When the issue of organising NCS personnel first arose, the general workers union initially took responsibility. It put a set of collective agreements on pay and conditions tailored the oil industry in place, had good support among the workforce and provided a well developed system of shop stewards.
Nevertheless, the LO decided in 1973 to shift responsibility for organising the NCS to the Seamen’s Union, partly because this had long experience of dealing with foreign employers.
Another consideration was that drilling rigs with their own propulsion machinery were classified as ships, and thereby subject to maritime law.
This decision caused ructions among the oil workers. Those employed at the bases and on the fixed installations in the North Sea did not feel they belonged with the seafarers.
Tax differences between groups of offshore personnel created dissatisfaction. While workers on fixed facilities paid ordinary Norwegian income tax, crew on mobile units enjoyed the lower seafarer’s rate.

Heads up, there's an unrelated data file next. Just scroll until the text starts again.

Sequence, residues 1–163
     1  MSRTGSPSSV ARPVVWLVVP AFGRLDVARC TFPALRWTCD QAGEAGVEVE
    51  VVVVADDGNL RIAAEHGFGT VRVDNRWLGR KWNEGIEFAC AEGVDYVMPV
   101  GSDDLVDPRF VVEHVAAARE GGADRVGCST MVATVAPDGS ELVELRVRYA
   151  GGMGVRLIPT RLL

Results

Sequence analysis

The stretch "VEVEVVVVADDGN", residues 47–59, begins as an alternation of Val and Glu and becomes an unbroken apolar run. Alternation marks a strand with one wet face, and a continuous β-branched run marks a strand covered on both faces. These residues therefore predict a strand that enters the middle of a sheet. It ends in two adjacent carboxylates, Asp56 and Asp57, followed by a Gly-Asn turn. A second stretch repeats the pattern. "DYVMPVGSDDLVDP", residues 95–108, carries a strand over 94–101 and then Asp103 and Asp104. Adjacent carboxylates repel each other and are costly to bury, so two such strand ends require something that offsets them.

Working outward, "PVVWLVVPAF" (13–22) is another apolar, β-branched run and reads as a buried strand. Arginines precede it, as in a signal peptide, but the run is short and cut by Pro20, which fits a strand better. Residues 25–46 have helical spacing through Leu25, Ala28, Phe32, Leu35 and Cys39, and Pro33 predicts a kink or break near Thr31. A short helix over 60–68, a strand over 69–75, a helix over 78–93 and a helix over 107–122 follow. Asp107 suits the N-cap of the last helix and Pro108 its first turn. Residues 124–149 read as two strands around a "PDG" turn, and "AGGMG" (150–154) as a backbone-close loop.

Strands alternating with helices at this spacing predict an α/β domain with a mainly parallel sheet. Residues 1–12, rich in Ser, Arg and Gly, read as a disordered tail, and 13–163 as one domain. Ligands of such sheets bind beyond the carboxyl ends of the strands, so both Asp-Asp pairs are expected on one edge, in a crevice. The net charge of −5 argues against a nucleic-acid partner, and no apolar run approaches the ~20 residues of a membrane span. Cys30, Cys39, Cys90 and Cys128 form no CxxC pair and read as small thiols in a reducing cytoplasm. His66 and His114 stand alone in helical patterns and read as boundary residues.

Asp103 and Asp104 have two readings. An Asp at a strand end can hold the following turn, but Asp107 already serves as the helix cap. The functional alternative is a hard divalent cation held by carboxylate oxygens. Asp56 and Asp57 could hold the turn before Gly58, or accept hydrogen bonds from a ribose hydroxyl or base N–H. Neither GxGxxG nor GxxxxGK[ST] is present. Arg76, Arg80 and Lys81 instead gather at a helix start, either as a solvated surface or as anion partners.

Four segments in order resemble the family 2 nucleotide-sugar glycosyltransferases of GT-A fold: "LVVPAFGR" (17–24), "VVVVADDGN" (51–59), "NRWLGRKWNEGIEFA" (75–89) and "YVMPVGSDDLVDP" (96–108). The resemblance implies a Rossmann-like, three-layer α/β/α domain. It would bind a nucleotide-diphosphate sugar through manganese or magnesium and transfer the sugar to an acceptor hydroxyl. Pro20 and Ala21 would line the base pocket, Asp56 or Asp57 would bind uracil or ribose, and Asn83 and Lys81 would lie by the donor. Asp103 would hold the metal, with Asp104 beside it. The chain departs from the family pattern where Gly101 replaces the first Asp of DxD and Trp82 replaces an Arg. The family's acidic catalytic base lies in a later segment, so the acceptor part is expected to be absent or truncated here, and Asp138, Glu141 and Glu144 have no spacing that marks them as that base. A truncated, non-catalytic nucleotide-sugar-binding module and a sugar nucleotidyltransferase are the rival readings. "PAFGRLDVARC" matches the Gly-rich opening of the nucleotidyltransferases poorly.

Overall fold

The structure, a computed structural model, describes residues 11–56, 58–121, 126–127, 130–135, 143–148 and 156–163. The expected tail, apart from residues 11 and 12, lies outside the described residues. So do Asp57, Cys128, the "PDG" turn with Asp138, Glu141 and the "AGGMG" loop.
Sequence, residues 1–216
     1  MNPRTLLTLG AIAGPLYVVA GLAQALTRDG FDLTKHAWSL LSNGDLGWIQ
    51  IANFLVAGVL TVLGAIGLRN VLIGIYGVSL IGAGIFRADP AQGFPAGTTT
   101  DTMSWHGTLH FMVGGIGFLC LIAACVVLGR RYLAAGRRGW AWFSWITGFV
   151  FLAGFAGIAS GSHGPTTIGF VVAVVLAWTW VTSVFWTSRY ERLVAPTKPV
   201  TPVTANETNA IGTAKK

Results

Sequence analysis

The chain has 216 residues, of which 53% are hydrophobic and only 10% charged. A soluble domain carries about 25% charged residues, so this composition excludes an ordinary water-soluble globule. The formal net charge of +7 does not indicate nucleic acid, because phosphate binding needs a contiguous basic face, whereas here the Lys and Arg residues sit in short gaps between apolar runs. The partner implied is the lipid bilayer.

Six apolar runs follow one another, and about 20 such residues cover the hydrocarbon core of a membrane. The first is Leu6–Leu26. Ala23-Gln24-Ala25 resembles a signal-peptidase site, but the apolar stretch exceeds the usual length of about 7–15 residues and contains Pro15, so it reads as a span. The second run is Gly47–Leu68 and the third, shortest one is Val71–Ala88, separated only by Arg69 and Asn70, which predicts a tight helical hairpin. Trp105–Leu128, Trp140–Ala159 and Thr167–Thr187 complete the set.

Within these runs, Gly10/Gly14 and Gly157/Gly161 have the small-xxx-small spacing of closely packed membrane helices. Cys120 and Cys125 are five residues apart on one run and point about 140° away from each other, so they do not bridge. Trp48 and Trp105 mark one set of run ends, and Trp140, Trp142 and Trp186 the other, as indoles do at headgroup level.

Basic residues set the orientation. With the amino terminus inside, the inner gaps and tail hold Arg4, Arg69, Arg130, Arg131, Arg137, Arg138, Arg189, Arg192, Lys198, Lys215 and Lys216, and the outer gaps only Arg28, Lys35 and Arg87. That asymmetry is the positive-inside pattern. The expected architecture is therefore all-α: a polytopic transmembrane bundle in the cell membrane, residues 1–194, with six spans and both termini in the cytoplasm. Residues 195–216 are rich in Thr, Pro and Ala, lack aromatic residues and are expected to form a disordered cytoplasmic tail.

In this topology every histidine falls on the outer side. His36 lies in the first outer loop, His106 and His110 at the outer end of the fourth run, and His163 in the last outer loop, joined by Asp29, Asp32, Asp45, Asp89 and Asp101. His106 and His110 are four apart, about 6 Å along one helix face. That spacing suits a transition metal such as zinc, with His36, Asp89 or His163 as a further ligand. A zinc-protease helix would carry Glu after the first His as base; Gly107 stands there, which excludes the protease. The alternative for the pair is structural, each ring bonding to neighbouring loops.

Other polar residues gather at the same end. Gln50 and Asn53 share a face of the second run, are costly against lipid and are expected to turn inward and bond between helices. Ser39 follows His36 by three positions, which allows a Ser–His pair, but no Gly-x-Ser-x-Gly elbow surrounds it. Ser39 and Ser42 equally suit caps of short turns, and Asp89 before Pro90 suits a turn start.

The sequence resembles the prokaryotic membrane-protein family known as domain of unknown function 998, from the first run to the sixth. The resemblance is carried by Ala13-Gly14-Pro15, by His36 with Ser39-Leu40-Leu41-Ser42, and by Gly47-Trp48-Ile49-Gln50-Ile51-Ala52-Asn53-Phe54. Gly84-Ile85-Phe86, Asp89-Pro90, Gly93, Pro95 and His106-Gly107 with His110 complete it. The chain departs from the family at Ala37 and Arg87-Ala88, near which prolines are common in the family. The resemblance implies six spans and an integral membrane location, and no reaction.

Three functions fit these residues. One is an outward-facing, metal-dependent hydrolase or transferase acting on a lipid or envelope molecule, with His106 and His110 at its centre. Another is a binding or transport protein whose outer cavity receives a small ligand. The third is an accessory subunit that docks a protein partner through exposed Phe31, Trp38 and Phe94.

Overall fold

Many in the former category felt the Seamen’s Union was not doing enough to eliminate this differential. Six months after the Seamen’s Union had taken over, the first “in-house” association was established among operator personnel on Ekofisk.[REMOVE]Fotnote: Marie Smith-Solbakken, Oljearbeiderkulturen. Historien om cowboyer og rebeller. 1997: 142-146.
Within a few years of its formation, this Ekofisk Committee took the initiative to bring several similar bodies on other fields under its wing.
This led to the formation of the national Collaboration Committee for Operator Unions (OLF), later renamed the Federation of Offshore Workers Trade Unions with the same abbreviation.
The LO response to this challenge was to establish the Norwegian Oil and Petrochemical Workers Union (Nopef) under its own banner to organise the petroleum sector.